Anorexia, bulimia, binge eating disorder (BED), and eating disorder not otherwise specified (EDNOS) impair judgment, compromise health, lead to isolation or erratic behaviors, and are life threatening. Relationships affected by eating disorders can work if treatment, time and tolerance exist. However, more commonly these relationships are toxic because of destructive behaviors and enabled roles.

An adult’s unconscious attitude about unresolved issues can cause him or her to seek a partner that will fulfill the part of the person(s) who taught him or her at a young age a certain belief system. The person will find people that accord to this in order to trigger familiar feelings. For instance, if a young girl hears she has no chance at success because she isn’t smart enough, as an adult she may seek men who berate her in order to experience the familiar feelings associated with being “not smart enough,” thus, perpetuating negative coping skills.

One of the most difficult things for someone with an eating disorder to do is to be honest about what is really going on. It’s a genuine fear for someone who has been using an eating disorder as a way to deal with uncomfortable feelings. Until they know another way, their eating disorder serves a viable function in their life. In the beginning, alone, speaking the truth aloud can begin the journey of taking back one’s life. The next step is talking to a counselor or trusted adult. In addition, if enough courage and trust exist, talking to a significant other is necessary if there’s any hope for that partnership to evolve.

I knew a beautiful, smart woman who struggled with anorexia and bulimia. She had dated as a younger woman but eventually closed herself off from any opportunities to meet new people. “I trust him,” was the last journal entry that she shared with me. I think she was finally beginning to accept herself and trust others again, but years of anorexia and bulimia had compromised her health and she passed away that spring. The memory of her laughter provides a smile and that warm, fuzzy feeling you get when you are in love. Therefore, I guess love and eating disorders can exist, just not happily here on earth.



The Fashion Industry Doesn’t Cause Anorexia


Kate Moss modeling skinny jeans, Fashion Week, and the rest of globalized fashion predict how some men and women see themselves; however, models wearing anything from haute couture to discount clothing does not result in the diagnoses of anorexia−it’s not that simple. One of the main criteria for anorexia is refusal to maintain body weight at or above a minimally normal weight for age and height (body weight less than 85% of that expected). Therefore, a 5’4 adult woman whose normal weight range is between 108 and 132 would weigh 92 pounds or less. How many fashion-blog obsessed women or fashionistas do you know who are super skinny like that? Not that many I bet. Deeper psychological issues in addition to probable genetics have more to do with anorexia than fashion does.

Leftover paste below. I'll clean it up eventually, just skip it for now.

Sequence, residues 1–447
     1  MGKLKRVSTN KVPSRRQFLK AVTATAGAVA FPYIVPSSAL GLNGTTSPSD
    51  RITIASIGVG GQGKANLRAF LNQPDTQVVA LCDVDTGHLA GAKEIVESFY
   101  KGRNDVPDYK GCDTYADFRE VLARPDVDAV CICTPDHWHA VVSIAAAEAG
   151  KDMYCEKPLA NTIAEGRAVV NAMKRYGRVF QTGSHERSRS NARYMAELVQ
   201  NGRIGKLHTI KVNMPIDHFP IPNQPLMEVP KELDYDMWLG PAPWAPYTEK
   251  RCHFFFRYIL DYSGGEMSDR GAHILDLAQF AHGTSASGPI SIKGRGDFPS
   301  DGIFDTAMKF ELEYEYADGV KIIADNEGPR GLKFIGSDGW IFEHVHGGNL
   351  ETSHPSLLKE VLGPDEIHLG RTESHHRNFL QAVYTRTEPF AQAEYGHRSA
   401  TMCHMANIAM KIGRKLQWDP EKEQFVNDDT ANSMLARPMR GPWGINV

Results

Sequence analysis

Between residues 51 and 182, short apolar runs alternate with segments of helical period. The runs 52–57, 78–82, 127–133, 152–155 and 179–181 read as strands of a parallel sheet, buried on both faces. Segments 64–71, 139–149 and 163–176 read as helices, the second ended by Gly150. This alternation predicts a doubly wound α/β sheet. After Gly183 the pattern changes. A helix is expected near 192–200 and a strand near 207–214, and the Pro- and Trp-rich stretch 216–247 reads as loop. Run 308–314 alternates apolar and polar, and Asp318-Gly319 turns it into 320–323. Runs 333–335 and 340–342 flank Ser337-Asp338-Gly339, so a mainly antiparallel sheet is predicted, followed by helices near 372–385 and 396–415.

The fashion industry influences people’s clothing choices for obvious reasons, and striving for an on-trend look or wanting to look good isn’t a crime. Although, when people have uncomfortable feelings about themselves, they tend to externalize their issues and often focus on their outward appearance, including their fashion. For example, a woman focuses on the “perfect, slimming outfit” in hopes that she’ll appear a certain way instead of looking inward to figure out how she can be her best. A lot of men and women will use fashion in a sense to avoid their feelings and focus on something outside themselves. Fashion becomes their scapegoat.

Fashion is an art form and a business. Designers, marketers, PR companies and retailers rely heavily on provocative imagery to shape their targeted audience. It’s manipulation. The same can be said of the music, broadcasting and advertising industries. Significant clothing trends like corsets, feet binding in China, minis, and variations of skinny jeans have been around for a long time – so has anorexia. Fashion and anorexia linked when media had its growth spurt in the 1980s. But I like what Judy Scheel, Ph.D., L.C.S.W. says, “Culture provides context, not cause.”

The tragic death of Israeli fashion model Hila Elmalich, or the accusations of models’ appearances in Madrid causing eating disorders help explain why the finger pointing happens. However, doctors and researchers still don’t have an answer for what causes anorexia, yet it causes the highest rates of death among all mental illnesses. Upgrading insurance benefits for treatment and additional funding for education and awareness would garner better results than erroneous articles on whether or not a model has an eating disorder or holding the fashion industry accountable for anorexia.